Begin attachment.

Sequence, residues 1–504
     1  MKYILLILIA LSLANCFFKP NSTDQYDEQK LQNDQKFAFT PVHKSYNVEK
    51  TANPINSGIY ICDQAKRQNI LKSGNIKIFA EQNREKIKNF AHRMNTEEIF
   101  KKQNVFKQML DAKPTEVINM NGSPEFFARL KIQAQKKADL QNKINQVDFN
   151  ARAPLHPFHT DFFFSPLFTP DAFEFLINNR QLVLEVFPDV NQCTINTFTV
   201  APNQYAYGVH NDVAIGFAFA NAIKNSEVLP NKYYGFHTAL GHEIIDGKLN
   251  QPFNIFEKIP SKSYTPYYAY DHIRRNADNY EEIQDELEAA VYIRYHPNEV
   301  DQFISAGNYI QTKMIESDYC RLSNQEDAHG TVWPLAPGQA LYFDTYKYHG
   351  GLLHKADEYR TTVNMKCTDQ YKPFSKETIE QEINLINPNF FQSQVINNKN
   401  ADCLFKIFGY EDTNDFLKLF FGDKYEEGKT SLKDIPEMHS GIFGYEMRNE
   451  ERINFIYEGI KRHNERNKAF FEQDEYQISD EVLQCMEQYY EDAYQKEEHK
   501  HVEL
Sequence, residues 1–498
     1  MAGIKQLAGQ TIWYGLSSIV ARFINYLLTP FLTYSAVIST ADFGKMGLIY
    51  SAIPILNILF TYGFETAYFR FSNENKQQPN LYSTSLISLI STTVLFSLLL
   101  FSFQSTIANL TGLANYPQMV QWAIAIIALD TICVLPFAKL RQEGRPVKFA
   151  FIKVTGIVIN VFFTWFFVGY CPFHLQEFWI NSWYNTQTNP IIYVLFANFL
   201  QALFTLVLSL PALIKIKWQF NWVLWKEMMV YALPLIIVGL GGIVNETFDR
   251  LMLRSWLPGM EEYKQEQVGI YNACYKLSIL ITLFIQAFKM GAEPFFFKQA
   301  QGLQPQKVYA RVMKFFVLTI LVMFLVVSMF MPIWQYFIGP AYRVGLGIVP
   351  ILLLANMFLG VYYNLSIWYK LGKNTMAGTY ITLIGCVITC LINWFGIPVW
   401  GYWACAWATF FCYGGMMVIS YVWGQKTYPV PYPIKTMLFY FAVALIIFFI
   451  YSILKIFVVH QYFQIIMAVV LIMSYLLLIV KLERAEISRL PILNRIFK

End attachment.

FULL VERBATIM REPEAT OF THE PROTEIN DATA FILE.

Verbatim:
Sequence, residues 1–504
     1  MKYILLILIA LSLANCFFKP NSTDQYDEQK LQNDQKFAFT PVHKSYNVEK
    51  TANPINSGIY ICDQAKRQNI LKSGNIKIFA EQNREKIKNF AHRMNTEEIF
   101  KKQNVFKQML DAKPTEVINM NGSPEFFARL KIQAQKKADL QNKINQVDFN
   151  ARAPLHPFHT DFFFSPLFTP DAFEFLINNR QLVLEVFPDV NQCTINTFTV
   201  APNQYAYGVH NDVAIGFAFA NAIKNSEVLP NKYYGFHTAL GHEIIDGKLN
   251  QPFNIFEKIP SKSYTPYYAY DHIRRNADNY EEIQDELEAA VYIRYHPNEV
   301  DQFISAGNYI QTKMIESDYC RLSNQEDAHG TVWPLAPGQA LYFDTYKYHG
   351  GLLHKADEYR TTVNMKCTDQ YKPFSKETIE QEINLINPNF FQSQVINNKN
   401  ADCLFKIFGY EDTNDFLKLF FGDKYEEGKT SLKDIPEMHS GIFGYEMRNE
   451  ERINFIYEGI KRHNERNKAF FEQDEYQISD EVLQCMEQYY EDAYQKEEHK
   501  HVEL
Sequence, residues 1–498
     1  MAGIKQLAGQ TIWYGLSSIV ARFINYLLTP FLTYSAVIST ADFGKMGLIY
    51  SAIPILNILF TYGFETAYFR FSNENKQQPN LYSTSLISLI STTVLFSLLL
   101  FSFQSTIANL TGLANYPQMV QWAIAIIALD TICVLPFAKL RQEGRPVKFA
   151  FIKVTGIVIN VFFTWFFVGY CPFHLQEFWI NSWYNTQTNP IIYVLFANFL
   201  QALFTLVLSL PALIKIKWQF NWVLWKEMMV YALPLIIVGL GGIVNETFDR
   251  LMLRSWLPGM EEYKQEQVGI YNACYKLSIL ITLFIQAFKM GAEPFFFKQA
   301  QGLQPQKVYA RVMKFFVLTI LVMFLVVSMF MPIWQYFIGP AYRVGLGIVP
   351  ILLLANMFLG VYYNLSIWYK LGKNTMAGTY ITLIGCVITC LINWFGIPVW
   401  GYWACAWATF FCYGGMMVIS YVWGQKTYPV PYPIKTMLFY FAVALIIFFI
   451  YSILKIFVVH QYFQIIMAVV LIMSYLLLIV KLERAEISRL PILNRIFK